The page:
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The household energy saving guide

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In recent years, worries about global warming, dwindling power supplies and emissions have led many homeowners to keep close tabs on their energy usage, but thankfully government legislation has gone some way to helping increase the number of energy efficient homes on the market.

Additionally, all newly built properties in the UK must conform to industry standards, which includes a level of insulation for exterior walls and roofs, standards for glazing and doors, and energy-efficient boilers.

While this can save homeowners thousands of pounds compared to those who live in older homes, one thing legislation cannot control is gas and electricity usage in the home. We look at some smart practices to help families save energy, reduce fuel bills and help the environment at the same time.

Christmas lights

As the Christmas season approaches and homeowners decorate their properties, some will be content with a string of fairylights around their tree, while others will go all-out to welcome Santa Claus, with huge neon caricatures populating the garden and hundreds of bulbs adorning the outside of their home.

While this can certainly be a memorable sight, it can also add a significant amount on to the household electricity bill, meaning an unwelcome surprise in the post for many homeowners in early 2016.

However, new research from Good Energy and the National Trust indicates that households can save up to £20 on their electricity bill over the festive period, simply by swapping their old fairylights for ones with energy-saving bulbs. Furthermore, doing the same for exterior lights could save a small fortune.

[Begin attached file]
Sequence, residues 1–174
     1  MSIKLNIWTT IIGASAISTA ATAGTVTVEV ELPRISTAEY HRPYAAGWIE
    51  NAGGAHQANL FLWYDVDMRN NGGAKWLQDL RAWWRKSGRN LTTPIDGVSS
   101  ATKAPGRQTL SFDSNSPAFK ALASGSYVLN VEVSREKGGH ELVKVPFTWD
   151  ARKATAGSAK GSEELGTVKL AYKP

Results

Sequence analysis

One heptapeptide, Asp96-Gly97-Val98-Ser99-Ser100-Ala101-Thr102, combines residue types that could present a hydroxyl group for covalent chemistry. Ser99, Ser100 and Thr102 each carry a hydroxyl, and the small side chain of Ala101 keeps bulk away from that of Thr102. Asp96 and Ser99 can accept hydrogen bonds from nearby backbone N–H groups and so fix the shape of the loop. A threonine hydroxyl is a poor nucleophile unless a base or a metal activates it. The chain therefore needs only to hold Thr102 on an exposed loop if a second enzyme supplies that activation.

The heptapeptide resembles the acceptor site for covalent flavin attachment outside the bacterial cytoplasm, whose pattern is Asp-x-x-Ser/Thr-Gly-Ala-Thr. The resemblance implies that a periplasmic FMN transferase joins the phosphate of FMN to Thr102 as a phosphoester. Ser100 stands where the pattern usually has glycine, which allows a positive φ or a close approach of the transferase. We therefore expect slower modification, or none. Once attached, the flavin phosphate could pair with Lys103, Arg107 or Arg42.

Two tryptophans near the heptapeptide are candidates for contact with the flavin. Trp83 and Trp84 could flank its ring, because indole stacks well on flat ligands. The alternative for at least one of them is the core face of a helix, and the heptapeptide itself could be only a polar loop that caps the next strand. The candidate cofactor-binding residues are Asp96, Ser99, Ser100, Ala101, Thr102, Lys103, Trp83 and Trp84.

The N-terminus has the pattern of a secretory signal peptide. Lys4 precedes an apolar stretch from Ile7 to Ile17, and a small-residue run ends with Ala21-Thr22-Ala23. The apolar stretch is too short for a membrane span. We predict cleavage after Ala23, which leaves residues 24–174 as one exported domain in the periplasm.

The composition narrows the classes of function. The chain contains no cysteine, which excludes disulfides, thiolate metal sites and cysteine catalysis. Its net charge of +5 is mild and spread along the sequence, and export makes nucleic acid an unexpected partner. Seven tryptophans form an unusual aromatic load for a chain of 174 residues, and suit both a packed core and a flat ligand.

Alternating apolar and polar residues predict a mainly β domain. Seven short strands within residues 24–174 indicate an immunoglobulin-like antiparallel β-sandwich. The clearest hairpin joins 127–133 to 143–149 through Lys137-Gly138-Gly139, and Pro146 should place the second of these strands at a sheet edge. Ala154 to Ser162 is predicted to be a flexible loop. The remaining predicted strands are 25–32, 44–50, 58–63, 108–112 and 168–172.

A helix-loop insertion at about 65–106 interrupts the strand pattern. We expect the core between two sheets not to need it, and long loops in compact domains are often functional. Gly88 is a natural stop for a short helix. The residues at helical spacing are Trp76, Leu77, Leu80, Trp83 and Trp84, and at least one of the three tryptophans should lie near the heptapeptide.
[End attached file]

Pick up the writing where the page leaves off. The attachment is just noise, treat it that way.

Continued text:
Say no to standby

While it can be very tempting and convenient to leave the TV, Sky box or router on standby overnight, this practice is actually costing people money.

The Energy Saving Trust estimates that families can save up to £30 a year on energy costs simply by turning off appliances at the plug after use.

While things like a fridge, freezer and boiler need to be constantly switched on, there is no need for microwaves with a digital display or a charger for an electronic device to be left switched on at the plug.

Power to the shower

Showers have comfortably overtaken baths in popularity, due to the amount of water that is saved by having a shower instead of filling a tub, but there is still room to save money.

Fitting an energy-efficient shower head can save a family £67 a year on the gas required to heat water, and another £100 on water itself if they have a meter, as most new homes do.

Furthermore, it is estimated that spending just one minute less in the shower each time you use it could knock £100 a year off the typical four-person household water bill if everyone adheres, even if it requires you to cut your morning karaoke renditions short.

Be smart and in control of heating

Smart controls are the latest innovation in the world of heating, and are proving popular and effective when it comes to providing homeowners with the ability to regulate energy usage.

Two-zone controls enable households to control which parts of the home are heated – such as the ground or first floor - while the programmable thermostat can ensure that the house is not being needlessly heated when nobody is home.

New innovations mean that heating can now be controlled remotely, helping to provide peace of mind and ensuring that the home is always a warm and welcoming place to be.